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Graphene layer found to be invisible to water

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Having written before about graphene, Hourglass was interested to see some new research published in Nature Materials on this extremely thin nanomaterial, which is derived from graphite.

In this new study, which aimed to understand how graphene interacts with water, pieces of gold, copper and silicon were coated with a single layer of the material and a drop of water placed on the coated surfaces. The researchers were surprised to find that the graphene layer proved to have virtually no impact on the manner in which water spreads on surfaces.

Their explanation for this is that water spreads on surfaces such as copper and gold via non-bonding interactions known as Van der Waals forces, which have a range of several nanometres. Hence these forces are not disrupted by a layer of graphene that is just 0.3nm thick.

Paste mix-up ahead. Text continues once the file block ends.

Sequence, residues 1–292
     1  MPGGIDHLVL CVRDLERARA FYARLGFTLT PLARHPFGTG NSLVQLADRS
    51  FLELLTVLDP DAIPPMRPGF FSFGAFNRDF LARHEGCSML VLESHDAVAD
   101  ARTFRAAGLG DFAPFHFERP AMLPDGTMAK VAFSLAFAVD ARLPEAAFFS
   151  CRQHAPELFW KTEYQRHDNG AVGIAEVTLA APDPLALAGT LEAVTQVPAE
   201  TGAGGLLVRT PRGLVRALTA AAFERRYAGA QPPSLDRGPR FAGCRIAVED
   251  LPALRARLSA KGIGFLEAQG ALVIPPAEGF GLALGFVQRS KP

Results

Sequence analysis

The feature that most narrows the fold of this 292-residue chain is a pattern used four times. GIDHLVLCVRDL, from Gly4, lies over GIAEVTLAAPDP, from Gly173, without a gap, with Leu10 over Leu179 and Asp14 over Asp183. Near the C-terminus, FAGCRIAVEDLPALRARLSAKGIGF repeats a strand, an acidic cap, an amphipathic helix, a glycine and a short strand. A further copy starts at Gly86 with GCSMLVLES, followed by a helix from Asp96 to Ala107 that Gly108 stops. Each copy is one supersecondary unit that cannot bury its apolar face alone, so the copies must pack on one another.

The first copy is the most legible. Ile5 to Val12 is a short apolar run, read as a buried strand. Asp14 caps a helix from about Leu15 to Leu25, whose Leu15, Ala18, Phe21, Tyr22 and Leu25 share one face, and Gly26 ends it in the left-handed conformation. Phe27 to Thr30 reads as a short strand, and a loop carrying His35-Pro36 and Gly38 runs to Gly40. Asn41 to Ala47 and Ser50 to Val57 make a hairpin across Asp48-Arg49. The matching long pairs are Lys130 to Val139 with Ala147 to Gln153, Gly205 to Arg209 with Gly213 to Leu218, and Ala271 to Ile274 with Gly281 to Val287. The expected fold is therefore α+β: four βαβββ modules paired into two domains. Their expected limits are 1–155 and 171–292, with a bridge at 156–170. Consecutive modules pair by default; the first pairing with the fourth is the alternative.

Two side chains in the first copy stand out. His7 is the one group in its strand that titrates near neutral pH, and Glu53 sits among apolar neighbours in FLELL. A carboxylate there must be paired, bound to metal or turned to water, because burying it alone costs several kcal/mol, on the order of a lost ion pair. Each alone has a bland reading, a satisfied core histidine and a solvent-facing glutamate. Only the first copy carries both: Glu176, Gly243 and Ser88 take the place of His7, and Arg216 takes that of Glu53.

The researchers hope that their finding could find practical application in coating copper surfaces in dehumidifiers where graphene could protect the copper surface from oxidising without altering the wettability of the copper so retaining the ability of the dehumidifier to transfer heat.

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From: Beyond pharmacy blog

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